Response to Reply #9
10. If I could I would denounce my citizenship and just wander the planet.
My allegiance to this country in the last four years has gone from "go America" to "Fuck America".
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LanternWaste Donating Member (1000+ posts) Send PM | Profile | Ignore Sun Aug-29-04 11:09 AM
Response to Reply #10
13. I completely understand
I completely understand. I have many friends who feel the same way. My opinion is that the past four years have illustrated to me how much work we as citizens have in front of us to re-establish a just and noble government.

In other words, the smaller the amount of honor held by the governing bodies, the greater responsibility we have to attempt change the leadership and prevent abuses of/by the system.

But again, I realize (as we all do) that watching a (relatively) distinguished country based on (if not actually using) equality and freedom slowly denigrating itself is a difficult and depressing proposition. x(
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2Design Donating Member (1000+ posts) Send PM | Profile | Ignore Sun Aug-29-04 10:46 AM
Response to Reply #6
11. how complicated is it to live in another country and work there?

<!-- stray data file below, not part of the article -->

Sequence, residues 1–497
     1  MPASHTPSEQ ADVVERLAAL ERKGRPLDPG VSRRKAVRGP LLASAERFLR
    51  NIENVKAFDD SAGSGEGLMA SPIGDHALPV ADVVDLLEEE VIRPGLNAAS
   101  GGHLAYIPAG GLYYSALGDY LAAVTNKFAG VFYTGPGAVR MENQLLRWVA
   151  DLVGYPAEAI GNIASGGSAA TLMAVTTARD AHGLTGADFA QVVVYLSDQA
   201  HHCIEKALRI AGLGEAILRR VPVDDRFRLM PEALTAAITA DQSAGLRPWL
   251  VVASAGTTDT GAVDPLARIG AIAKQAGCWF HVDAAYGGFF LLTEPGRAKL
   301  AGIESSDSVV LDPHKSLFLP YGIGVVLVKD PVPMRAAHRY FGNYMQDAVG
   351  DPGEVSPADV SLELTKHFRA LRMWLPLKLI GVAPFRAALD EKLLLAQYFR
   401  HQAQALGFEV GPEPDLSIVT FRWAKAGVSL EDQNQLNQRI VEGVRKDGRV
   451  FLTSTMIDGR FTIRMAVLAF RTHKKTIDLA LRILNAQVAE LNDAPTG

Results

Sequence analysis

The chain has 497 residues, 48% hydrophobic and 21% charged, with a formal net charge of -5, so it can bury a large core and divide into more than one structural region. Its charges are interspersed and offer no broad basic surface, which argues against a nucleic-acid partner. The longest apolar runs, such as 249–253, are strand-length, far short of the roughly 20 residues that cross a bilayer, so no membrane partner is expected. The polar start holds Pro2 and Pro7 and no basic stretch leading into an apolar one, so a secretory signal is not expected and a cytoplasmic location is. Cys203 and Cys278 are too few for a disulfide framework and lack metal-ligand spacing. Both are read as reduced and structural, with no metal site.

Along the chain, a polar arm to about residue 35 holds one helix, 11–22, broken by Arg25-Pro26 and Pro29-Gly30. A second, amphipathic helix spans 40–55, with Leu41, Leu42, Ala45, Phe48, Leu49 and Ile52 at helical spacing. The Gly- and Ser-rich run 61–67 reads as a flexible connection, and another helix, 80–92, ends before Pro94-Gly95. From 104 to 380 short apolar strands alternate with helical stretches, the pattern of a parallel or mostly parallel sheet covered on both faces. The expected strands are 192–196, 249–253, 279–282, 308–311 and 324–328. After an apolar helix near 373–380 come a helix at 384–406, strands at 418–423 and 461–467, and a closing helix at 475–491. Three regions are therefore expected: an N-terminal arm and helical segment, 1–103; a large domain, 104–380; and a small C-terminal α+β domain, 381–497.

As far as the tax, not looking to get around the system....but it would seem if you are not living in the usa, then you would not pay the taxes.

So if I am collecting SS, I am taxed on that. But if I am earning money in the new country and I am a resident, I may have exclusions.

What benefits does mexico give its residents? What is involved?

Do you get health benefits like in many european countries and canada?

Looking for a country where my health benefits would be paid for in exchange for working in the country.

Want a country that is run for the people and not for the corporations.

Unless usa starts turning around and being for the people, our tax money only supports the government and congress employees for their retirement and health and leaves very little for the rest of us. Right now usa supports corporations that live offshore but they get huge tax benefits. And as kerry and edwards said they have great benefits being part time congress people ....like the rest of the part time congress people... and the people get very little....

I don't mind paying taxes if they go for the good of the whole but right now that is not the case.
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LanternWaste Donating Member (1000+ posts) Send PM | Profile | Ignore Sun Aug-29-04 11:39 AM
Response to Reply #11
15. Somewhat complicated if you don't know what you're doing...